Inquiry Asked Into Deaths At Live-In School For Indians
Toronto Globe And Mail
NORTH BATTLEFORD, Saskatchewan - Of 630 children who attended a church-run residential school for Indians between 1903 and 1948, 45 did not survive.
The enrollment register of
L'ecole St. Henri, also known as Thunderchild Boarding School, reads like a handwritten obituary passed from one Oblate headmaster to the next, over a period of 45 years.
It summarizes with exquisite finality the fate of more than
7 percent of the school's Indian pupils, aged 8 to 19, who died between 1903 and 1948 while enrolled there.
The simple word ``morte'' (dead) follows the names and numbers of 31 girls, and the word ``mort'' (dead) the names and numbers of 14 boys.
Some native leaders are calling for a national inquiry into conditions at about 60 residential schools where aboriginal children were sent until the 1950s and 1960s. Operated by Catholic and Protestant missionaries, the schools were compulsory from 1920 onward.
Thunderchild, in Delmas, Saskatchewan, operated by Oblate priests and Sisters of the Assumption, was eventually torched by four desperate young male students on Jan. 13, 1948.
Now only the old barn and shed remain on the wheat field where stood the massive three-story landmark at Delmas, 90 minutes northwest of Saskatoon.
This fall, the Royal Canadian Mounted Police assigned an investigator to look into allegations by former pupils that a 12-year-old boy was beaten to death by authorities at the Thunderchild school 63 years ago. He concluded that Robert Lonesinger died of pneumonia.
But that hasn't stopped the talk of whippings and psychological abuse that circulates on the dozen reserves near the site of the school.
Jack Funk, 63, a former Canadian Department of Indian Affairs superintendent of education in Saskatchewan, says there may not be a more disturbing story anywhere in Canada of the dominant society's attempt to crush aboriginal culture.
Thunderchild school ``was probably the best example of Indian education at its worst,'' he said in an interview.
But many people today find it hard to believe accounts of alleged abuse at this and other Indian residential schools so many years ago. For example, the Rev. Henri Delmas, the Oblate priest who founded L'cole St. Henri, also known as the Thunderchild Boarding School, was so popular among non-natives that the local French-speaking settlers named their hamlet after him.
Disease, no doubt, made life a precarious thing for many children on the Canadian Prairies in the first half of this century, Funk said. But mortality rates at the mandatory aboriginal boarding schools were five times those at non-native schools, he said, adding that hundreds of Indian children died in such schools in Saskatchewan alone.
Many years were deadly for the Indian children at L'ecole St. Henri. Of the 1928 class of about 40 students at Thunderchild, six children died. Four died in 1921. Ten percent of the class of 1908 died. Seven percent of the class of '31 died.
It is believed nearly all succumbed to tuberculosis, diphtheria, whooping cough or other predatory illnesses.
Yet there were others, former students allege, who died of broken hearts and broken bodies at the hands of sadists.
Some who died, such as Patrick Tootoosis, Charlie Tobaccojuice, Joseph Bigear, Emma Northwind and Alice Lonesinger - were taken home from Thunderchild school to graveyards at the nearby reserves.
Others are buried in a shared grave on the banks of the North Saskatchewan River not far from the school. The bones of still others have surprised contractors excavating new basements in the village of Delmas.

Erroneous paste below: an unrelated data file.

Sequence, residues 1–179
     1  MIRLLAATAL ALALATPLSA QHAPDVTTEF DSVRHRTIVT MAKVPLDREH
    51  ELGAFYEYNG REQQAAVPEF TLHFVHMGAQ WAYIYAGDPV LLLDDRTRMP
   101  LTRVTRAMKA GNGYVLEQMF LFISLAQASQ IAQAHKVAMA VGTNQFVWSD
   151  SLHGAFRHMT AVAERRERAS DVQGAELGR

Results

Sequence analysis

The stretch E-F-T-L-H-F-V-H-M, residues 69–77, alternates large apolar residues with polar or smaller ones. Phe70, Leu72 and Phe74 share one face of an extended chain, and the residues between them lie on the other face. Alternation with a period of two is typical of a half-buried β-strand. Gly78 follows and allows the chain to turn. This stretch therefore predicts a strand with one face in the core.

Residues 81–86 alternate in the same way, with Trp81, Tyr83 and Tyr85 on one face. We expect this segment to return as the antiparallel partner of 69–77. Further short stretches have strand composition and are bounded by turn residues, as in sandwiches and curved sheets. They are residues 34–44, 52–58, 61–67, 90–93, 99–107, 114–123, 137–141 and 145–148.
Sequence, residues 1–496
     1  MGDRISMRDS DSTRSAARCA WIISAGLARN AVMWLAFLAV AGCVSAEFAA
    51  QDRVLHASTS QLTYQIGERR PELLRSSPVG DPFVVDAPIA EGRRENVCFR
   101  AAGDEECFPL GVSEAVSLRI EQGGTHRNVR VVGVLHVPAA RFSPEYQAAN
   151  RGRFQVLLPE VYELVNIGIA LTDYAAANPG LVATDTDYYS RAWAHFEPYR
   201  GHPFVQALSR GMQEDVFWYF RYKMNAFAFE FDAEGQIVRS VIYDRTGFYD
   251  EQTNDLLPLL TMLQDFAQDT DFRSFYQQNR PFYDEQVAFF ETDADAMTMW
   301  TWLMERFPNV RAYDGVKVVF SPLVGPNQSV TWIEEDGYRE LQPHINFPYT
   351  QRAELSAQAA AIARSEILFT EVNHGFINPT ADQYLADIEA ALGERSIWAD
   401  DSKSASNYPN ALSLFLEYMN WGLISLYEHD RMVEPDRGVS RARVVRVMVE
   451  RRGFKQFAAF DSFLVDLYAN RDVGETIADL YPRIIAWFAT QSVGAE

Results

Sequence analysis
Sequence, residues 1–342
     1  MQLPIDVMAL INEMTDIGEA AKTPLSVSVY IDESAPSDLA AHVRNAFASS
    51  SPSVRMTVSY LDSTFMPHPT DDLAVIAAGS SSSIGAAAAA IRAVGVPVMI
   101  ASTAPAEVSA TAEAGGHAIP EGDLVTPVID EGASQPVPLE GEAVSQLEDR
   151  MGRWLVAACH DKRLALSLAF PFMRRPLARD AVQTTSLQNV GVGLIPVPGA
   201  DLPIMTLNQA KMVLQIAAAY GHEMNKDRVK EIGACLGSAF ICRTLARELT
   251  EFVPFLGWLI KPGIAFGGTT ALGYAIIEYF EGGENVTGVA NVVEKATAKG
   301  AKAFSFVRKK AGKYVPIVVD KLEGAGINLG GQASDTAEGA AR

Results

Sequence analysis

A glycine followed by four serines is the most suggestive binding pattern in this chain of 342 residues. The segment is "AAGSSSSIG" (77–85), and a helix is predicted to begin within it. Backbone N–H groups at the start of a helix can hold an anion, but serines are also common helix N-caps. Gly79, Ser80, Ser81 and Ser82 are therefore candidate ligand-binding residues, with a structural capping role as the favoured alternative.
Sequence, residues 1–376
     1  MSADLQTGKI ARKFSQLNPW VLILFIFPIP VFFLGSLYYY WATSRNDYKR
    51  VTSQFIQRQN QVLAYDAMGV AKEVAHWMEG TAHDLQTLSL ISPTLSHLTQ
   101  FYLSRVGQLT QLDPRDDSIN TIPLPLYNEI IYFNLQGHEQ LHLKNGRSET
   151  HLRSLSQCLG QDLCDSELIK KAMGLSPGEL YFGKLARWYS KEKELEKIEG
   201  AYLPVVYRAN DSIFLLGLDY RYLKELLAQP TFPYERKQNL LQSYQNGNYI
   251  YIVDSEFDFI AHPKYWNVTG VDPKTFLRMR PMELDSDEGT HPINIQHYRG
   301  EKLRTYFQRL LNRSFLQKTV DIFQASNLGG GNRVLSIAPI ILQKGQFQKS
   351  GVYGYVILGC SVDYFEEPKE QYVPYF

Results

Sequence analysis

But of all the deaths at Thunderchild, the one that has commanded most scrutiny is that of Robert Lonesinger. He was buried on the Sweetgrass reserve on May 3, 1927, the day after he died.
Robert, whom former schoolmates recall as a big, strapping boy, attended the Thunderchild school from the age of 6. Some say he fell off a swing, others that he was savagely beaten to death by unnamed authorities at the school. This version is denied by police and church officials.
There was no autopsy. After gathering conflicting information from witnesses in recent months, RCMP say they have no evidence that Robert was murdered.
``The cause of death was pneumonia,'' Sgt. Del Cousins said. He said he found more than 30 of the boy's former classmates alive. He said he interviewed several who gave firsthand accounts.
But it is hearsay which persists. Irene Fineday, who lives on the Sweetgrass reserve, is one of several people who remember hearing Robert's classmate, Solomon Pooyak, describe in detail how his 12-year-old consumptive friend was whipped across the back and buttocks with a thick leather strap a couple of days before he died.
Pooyak died last year, but Fineday vividly recalls his account: ``Robert Lonesinger, he said something in Cree to the sister,'' said Fineday. ``She took it for granted that he swore at her, but that was not the case. They took him to the father (priest), who ordered 100 lashes for that boy.
``They weren't even halfway through the 100 lashes when he passed out. They finished the 100 lashes and then took him upstairs to bed. The next thing the boys knew, they took him to that little hospital in Battleford. A few days after, they were told he died.''
Joseph Chicken, 72, who was a classmate of Robert Lonesinger, remembers Robert and others occasionally receiving as many as 100 lashes.
``I know he had a lot of whippings, most of the time for no reason at all,'' said Chicken.
He added that he must have been in another part of the school the day Robert is said to have been whipped, at the end of April 1927. ``I was talking to him and he had chest pains, and the next thing I heard he was dead,'' Chicken said.
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